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J Clin Monit Comput. 2000;16(3):191-9.

Estimation of jugular venous O2 saturation from cerebral oximetry or arterial O2 saturation during isocapnic hypoxia.

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  • 1Department of Anesthesiology, University of Rochester School of Medicine, Rochester, NY 14642, USA.

Abstract

OBJECTIVE:

Near-infrared spectroscopy (NIRS) has the potential for providing valuable information about oxygen delivery to the brain. However, questions have been raised about the accuracy of these measurements. This study was undertaken to compare noninvasive cerebral saturation measurements to jugular venous saturation under conditions of hypoxia and hypercapnia.

METHODS:

Data was obtain on forty-two subjects. Cerebral oxygenation was measured with a Somanetics INVOS 4100-SSA placed on the forehead of the subjects. PETCO2 was controlled to approximately 2 and 7 mmHg above resting values and PETO2 was controlled to 80, 45, 60 and 41 mmHg consecutively for four of five minutes each. Internal jugular blood gas measurements were made via a retrograde catheter.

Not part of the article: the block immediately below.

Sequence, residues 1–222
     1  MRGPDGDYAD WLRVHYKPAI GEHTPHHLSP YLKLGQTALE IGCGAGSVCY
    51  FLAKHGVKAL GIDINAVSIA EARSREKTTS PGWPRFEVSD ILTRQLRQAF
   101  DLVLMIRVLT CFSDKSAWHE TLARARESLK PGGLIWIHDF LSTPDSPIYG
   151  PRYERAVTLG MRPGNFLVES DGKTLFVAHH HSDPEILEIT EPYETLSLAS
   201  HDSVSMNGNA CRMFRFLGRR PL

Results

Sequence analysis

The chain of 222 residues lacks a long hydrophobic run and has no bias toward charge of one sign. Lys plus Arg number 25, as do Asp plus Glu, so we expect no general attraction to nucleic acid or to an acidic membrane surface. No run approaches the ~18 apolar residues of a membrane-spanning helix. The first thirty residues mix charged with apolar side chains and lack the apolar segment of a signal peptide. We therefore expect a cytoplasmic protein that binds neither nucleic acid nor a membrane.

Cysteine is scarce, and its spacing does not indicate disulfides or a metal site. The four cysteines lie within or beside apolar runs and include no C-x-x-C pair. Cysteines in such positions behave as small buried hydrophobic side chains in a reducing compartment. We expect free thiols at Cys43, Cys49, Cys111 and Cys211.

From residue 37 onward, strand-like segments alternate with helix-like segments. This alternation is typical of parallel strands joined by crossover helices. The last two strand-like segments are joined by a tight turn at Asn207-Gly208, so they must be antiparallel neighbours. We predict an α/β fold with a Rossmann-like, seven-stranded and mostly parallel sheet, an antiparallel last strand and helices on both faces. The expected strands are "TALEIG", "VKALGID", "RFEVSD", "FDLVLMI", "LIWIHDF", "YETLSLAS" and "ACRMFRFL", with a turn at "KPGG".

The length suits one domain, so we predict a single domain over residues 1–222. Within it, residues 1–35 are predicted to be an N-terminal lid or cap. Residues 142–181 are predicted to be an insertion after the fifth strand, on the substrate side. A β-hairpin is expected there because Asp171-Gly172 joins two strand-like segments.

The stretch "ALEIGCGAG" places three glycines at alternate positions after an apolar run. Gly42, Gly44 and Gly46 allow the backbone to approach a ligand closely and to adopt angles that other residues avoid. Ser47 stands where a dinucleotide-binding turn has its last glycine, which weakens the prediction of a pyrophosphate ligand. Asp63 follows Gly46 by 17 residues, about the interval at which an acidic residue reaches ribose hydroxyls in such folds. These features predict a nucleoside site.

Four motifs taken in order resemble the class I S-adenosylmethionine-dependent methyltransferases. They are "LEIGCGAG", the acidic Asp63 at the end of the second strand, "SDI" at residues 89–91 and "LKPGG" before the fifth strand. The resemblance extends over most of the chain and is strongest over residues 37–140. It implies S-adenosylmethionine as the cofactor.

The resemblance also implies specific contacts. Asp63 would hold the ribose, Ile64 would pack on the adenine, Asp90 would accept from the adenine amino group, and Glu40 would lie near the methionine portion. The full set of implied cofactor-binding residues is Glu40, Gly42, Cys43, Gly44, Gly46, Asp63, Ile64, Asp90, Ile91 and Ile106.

RESULTS:

Both the cerebral oximetry measured saturation (rSO2) and the jugular venous saturation (SjvO2) were significantly increased by increasing the PETCO2 at all levels of hypoxia. The increase in the rSO2 was less than the increase in SjvO2. The rSO2 had a bias of 5.2% and a precision of 10.7% compared to the measured SjvO2.

DISCUSSION:

Cerebral oxygen saturation measured by cerebral oximetry compares well to the measured SjvO2 in normal subjects, despite multiple physiological reasons for differences. The closer relationship of SjvO2 to rSO2 than SaO2 under the conditions of these experiments indicates that the measurement reflects primarily intracranial saturation. However, outcome studies under clinical conditions are needed to determine the clinical utility of cerebral oximetry.

PMID:
12578103
[PubMed - indexed for MEDLINE]
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